Got up way too early this morning, got to the start at 5:30 and dinked around for half an hour before there was anything to do. As always, there was a last minute clusterfork and some people's stuff didn't make it... but it wasn't my fault... I was COMPLETELY loaded. There were guys stuffing arm warmers and stuff into the truck bed up until the last second, even as I starting driving.
The winning breakaway of four riders came through at 9:15 and a guy in a Cal jersey attacked them at the bottom of the wall and won the race. It was a little too cold and windy for a record pace but 153 men and 5 women broke the 60-minute barrier.
The famous "Pink Pannier" lady and local icon, Allison.
Blog reader Chris was the official photographer and rode the pace car on the way up. He got some great shots including the one below of Rick at the finish line draped over his bars, verge of spewing. Lots more good ones at this link SLIDESHOW.
Rick's been trying to break an hour in this race since before I met him (12 years ago maybe?) and this year he finally did it. Awesome job buddy.
So my daughter and I watched the first 100 or so riders finish, then we walked around and ate the cookies, bananas, and ClifBars that were being offered. We talked to a few people that we knew and helped riders find their bags. It was a good time and she wants to help again next year too.
1. Number of backpack drivers: There were three vehicles for ~1,000 backpacks: my truck, the Dublin Cyclery truck (half full of other stuff), and a PRIUS! People pay a lot of money for this ride and they should be able to expect that their stuff makes it to the top; two whole boxes of stuff didn't make it to the top because the organizers didn't have enough volunteer vehicles. They need at least three dedicated trucks; no excuses.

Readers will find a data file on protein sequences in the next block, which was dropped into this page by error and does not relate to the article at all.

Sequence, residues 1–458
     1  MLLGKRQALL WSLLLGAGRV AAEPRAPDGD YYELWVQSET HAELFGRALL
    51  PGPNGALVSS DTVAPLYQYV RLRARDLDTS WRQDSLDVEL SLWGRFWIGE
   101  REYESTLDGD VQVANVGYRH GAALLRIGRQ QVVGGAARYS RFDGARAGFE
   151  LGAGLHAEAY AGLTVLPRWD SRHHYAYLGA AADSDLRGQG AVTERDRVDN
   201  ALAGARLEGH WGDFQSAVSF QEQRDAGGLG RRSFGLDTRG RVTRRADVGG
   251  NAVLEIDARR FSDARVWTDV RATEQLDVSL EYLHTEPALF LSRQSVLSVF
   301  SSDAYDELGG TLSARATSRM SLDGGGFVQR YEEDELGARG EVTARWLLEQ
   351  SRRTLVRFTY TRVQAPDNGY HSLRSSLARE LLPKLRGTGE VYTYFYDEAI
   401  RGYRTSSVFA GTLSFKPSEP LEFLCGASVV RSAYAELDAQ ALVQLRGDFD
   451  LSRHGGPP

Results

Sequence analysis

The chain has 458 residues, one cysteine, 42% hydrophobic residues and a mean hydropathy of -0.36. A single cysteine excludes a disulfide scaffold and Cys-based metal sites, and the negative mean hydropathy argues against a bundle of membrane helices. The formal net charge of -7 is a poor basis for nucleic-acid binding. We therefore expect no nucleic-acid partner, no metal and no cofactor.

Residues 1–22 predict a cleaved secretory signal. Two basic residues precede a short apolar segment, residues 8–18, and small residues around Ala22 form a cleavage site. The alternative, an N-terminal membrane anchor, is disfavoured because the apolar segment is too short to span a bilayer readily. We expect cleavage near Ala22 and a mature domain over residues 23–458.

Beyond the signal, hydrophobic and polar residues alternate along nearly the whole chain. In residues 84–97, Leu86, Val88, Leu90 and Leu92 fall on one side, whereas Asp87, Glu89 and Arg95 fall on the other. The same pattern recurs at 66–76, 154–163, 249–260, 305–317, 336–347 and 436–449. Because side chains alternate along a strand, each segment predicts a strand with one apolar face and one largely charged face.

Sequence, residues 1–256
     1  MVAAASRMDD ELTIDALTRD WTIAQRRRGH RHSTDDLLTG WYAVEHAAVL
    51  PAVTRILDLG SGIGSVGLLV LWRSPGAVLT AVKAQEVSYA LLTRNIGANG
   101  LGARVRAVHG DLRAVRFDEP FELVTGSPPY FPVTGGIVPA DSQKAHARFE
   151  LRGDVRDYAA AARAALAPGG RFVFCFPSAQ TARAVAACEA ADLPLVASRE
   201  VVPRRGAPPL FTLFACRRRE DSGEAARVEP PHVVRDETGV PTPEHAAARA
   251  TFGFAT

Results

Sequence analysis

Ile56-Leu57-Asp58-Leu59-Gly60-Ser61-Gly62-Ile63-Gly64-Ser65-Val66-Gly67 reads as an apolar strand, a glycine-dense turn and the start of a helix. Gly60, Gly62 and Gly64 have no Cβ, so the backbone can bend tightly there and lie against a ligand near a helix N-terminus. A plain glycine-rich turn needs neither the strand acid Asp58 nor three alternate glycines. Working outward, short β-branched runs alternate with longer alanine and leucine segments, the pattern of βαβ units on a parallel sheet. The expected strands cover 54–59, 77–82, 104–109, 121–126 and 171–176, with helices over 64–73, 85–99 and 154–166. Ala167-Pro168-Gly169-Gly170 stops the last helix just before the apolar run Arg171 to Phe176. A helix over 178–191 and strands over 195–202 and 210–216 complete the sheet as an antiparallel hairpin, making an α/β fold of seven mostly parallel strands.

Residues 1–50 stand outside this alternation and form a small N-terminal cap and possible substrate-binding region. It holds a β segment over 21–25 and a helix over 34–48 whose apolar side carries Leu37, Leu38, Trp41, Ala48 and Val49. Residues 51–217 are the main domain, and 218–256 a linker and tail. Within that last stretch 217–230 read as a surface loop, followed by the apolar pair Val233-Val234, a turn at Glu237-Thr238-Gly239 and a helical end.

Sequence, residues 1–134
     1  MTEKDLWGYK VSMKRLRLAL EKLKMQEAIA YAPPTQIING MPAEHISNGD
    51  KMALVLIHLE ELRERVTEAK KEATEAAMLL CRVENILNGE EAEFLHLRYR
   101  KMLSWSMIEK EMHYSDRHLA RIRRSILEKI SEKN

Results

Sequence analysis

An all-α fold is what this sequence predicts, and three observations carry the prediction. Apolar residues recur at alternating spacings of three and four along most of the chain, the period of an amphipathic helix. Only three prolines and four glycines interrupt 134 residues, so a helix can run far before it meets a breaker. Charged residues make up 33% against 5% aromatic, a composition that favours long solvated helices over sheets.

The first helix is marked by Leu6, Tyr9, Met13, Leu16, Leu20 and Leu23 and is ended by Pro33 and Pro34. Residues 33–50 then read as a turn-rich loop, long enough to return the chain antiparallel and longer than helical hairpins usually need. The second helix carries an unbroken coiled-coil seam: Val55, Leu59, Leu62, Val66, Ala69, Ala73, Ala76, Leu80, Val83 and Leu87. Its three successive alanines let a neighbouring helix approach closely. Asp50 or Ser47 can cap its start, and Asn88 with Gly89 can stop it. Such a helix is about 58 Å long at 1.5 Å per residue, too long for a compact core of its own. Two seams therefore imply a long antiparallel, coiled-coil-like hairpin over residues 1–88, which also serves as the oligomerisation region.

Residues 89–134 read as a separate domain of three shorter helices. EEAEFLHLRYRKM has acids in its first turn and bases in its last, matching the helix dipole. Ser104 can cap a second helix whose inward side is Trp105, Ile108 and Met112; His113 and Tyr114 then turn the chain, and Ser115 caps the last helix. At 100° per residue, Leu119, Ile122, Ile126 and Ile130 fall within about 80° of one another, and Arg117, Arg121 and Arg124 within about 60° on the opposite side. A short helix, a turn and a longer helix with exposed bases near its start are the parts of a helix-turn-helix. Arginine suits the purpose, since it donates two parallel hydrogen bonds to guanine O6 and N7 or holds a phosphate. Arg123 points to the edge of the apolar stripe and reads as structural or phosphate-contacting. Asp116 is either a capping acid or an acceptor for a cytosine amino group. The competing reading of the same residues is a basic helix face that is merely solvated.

2. Volunteer communication: The check in people were telling the riders they had to put their stuff in the boxes that were marked with their starting wave - all the stuff went in the same trucks and to the same place at the same time... it didn't make any difference what box their stuff went into but it would have helped a lot if they put their backpacks in the boxes closer to the front so we didn't have to carry it so far. There's no reason for any boxes to be back farther than 50 feet from the starting line.
3. Distance: SMD has been saying for the last 20 years that this ride is 10.8 miles; they're WRONG. It's 11.3 miles and they should know this. My 18 years of riding experience on this Mountain, everyone I've ever talked to, and even Google Maps attest to this fact. They have timing chips that record to the tenth of a second but they're off by half a mile on the distance and that's just ridiculous. I don't care why they're wrong but they should start doing it right; they also calculate average speed based on this incorrect distance so the results page is wrong in this regard.
Seemed like a good day to make a video:
Diablo Challenge 2009 from Diablo Scott on Vimeo.